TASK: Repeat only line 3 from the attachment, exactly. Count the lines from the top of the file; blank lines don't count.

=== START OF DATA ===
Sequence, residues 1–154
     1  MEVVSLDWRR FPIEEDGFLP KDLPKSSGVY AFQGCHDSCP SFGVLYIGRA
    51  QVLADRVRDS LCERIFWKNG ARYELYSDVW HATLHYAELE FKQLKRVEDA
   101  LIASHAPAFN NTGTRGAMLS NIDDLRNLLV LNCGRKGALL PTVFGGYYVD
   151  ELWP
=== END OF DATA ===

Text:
    51  QVLADRVRDS LCERIFWKNG ARYELYSDVW HATLHYAELE FKQLKRVEDA